UCSB Hist 33D, Fall 2005 (course homepage)
The Holocaust: Interdisciplinary Perspectives

Prof. Marcuse (homepage)

Hist 33D: Journal & Final Project Handout
(pdf version for printing)(jump down to Final Project guidelines)
(See also the Web Project Details handout, and the Projects Index page)


  1. You should keep a journal on a regular basis throughout the course. You will write about two one entry per week (total of 8), with each entry averaging about 450 words in length. That is about 3/4 page, single-spaced, in 12 point font. Include the word count at the end of each entry!
  2. Each entry will be based on your thoughts about newspaper or magazine articles you read during that week, or readings, lectures and films for this course. Occasionally, web sites, books for another course, conversations or personal experiences may be appropriate. You should relate the article or experience to the course. For articles you should include a clipping, copy, or printout; for course materials just hand write the reference.
    There should be a rough balance of entries about articles and on course materials.
    For the entries on course materials, feel free to exercise criticism, ask questions, and raise important issues, especially if you are uncomfortable doing so in class. You will be graded on the seriousness of your questions and ideas, not on whether you agree with me.
    Tip: Jot ideas down during lecture or whenever, and develop them later.
  3. In a large bluebook, use the first right-hand page to keep a handwritten running table of contents with the entry number (1-8), the source and date, and a short descriptive title. Example:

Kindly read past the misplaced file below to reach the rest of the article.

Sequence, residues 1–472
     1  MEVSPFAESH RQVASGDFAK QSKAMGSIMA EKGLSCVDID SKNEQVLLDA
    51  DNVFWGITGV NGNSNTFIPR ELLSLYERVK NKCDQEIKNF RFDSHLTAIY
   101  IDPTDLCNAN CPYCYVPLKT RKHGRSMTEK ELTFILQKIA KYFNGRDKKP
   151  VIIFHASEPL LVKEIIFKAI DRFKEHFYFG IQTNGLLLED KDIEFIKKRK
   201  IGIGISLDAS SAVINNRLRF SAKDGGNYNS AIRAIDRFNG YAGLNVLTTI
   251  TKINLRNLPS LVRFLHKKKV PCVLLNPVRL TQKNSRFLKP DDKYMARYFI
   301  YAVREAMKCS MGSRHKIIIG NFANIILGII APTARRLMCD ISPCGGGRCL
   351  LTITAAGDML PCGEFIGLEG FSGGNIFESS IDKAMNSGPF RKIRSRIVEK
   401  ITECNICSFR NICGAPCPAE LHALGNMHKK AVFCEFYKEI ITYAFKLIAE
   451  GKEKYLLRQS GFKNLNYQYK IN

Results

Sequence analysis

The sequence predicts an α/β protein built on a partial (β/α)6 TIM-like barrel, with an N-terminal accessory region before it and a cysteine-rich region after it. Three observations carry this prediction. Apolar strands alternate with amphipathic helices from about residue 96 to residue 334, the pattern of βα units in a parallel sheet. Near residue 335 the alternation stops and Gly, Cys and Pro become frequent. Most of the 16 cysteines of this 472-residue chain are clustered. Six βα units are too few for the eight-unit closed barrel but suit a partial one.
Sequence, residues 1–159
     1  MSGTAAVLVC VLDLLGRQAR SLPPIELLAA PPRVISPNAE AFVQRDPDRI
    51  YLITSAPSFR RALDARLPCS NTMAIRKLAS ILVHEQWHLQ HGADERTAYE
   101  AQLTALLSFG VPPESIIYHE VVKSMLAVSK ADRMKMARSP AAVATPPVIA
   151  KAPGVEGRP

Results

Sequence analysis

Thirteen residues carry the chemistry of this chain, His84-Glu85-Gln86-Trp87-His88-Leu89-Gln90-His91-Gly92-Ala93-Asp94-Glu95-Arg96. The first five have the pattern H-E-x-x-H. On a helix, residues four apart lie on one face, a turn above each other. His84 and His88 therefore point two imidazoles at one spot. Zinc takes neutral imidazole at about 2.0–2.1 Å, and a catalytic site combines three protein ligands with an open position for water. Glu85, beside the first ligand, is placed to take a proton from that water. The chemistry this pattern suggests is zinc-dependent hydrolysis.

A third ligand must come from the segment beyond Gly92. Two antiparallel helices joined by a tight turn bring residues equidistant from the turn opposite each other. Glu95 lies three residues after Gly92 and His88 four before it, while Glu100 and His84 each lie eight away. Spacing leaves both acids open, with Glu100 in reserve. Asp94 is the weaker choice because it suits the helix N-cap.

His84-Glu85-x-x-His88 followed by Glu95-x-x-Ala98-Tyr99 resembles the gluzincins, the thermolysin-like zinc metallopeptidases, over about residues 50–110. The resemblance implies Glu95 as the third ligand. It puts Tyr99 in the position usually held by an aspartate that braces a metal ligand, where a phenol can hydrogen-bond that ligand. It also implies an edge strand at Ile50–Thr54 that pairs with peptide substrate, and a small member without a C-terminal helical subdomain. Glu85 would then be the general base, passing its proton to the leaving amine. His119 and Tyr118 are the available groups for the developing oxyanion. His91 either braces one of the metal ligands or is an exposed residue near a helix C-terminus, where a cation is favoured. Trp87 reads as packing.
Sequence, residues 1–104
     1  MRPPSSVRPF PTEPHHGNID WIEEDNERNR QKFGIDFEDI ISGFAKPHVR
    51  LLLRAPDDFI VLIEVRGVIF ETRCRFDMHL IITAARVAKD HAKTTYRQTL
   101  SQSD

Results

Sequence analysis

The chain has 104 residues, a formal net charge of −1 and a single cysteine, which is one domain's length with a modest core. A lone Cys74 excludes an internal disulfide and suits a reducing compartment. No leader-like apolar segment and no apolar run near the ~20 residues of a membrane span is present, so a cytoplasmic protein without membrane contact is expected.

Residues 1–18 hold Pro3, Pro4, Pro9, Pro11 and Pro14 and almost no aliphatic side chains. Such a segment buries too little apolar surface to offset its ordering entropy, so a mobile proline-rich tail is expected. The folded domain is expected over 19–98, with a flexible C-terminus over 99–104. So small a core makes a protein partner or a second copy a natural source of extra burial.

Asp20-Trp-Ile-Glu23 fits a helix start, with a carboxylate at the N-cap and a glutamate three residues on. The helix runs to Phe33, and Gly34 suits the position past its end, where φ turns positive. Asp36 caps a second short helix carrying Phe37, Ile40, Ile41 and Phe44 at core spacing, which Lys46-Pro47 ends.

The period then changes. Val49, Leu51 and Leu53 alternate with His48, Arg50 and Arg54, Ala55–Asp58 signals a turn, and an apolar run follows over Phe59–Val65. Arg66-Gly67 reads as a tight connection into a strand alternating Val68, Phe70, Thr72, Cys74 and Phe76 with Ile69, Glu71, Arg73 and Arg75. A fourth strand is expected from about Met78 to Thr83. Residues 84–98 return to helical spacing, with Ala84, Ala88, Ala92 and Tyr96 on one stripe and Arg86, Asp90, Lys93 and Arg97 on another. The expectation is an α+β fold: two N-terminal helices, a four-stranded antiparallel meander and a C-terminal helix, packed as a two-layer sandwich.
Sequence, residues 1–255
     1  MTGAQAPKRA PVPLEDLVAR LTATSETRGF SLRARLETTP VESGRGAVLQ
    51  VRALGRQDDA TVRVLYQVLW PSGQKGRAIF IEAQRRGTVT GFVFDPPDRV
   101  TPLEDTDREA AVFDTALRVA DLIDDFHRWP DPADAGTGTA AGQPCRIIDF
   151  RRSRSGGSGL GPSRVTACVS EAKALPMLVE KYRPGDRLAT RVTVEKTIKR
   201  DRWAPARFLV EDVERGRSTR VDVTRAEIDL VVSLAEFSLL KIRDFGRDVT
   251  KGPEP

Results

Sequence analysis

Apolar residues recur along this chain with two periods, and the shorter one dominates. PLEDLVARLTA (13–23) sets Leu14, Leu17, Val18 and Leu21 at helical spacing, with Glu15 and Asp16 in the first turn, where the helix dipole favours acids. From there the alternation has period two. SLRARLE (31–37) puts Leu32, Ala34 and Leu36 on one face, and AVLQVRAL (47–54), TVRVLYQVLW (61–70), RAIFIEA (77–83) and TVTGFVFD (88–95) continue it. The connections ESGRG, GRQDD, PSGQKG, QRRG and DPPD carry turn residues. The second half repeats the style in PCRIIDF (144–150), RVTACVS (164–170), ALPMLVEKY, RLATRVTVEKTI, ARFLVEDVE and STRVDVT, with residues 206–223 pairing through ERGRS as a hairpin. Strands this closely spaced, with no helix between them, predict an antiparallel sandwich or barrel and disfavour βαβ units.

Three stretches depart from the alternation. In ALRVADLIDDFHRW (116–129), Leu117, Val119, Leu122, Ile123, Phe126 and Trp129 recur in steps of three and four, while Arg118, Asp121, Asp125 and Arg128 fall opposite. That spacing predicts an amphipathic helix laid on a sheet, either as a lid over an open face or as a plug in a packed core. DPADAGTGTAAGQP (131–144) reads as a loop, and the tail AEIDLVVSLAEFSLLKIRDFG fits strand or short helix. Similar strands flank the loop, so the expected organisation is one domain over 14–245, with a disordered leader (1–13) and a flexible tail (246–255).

1. LA Times, Sept. 21, 2005, "Nazi Hunter Loyal to the Dead / Simon Wiesenthal, 1908-2005"
    2. LA Times, Sept. 18, 2005, "Katrina's Aftermath: The Race Factor"
    3. Oct. 4, 2005, Maus and the "Gray Zone" Grid [from lecture]
  4. In the rest of the bluebook, glue, tape or staple the article (or photocopy) on the left hand page, and attach your typed entry facing it on the right hand page. Write the entry number in the upper right hand corner. (For course materials no photocopies are necessary.)
    Please single space so that each journal entry fits on one page. Each entry should begin with the date and a short headline indicating the source and topic of your entry.
  5. In each entry you should first briefly summarize the relevant information in the article (or whatever), for about ¼ of the entry. The main portion should be your thoughts and analysis of the article, relating it to the course topic. Include the word count at the end of each entry.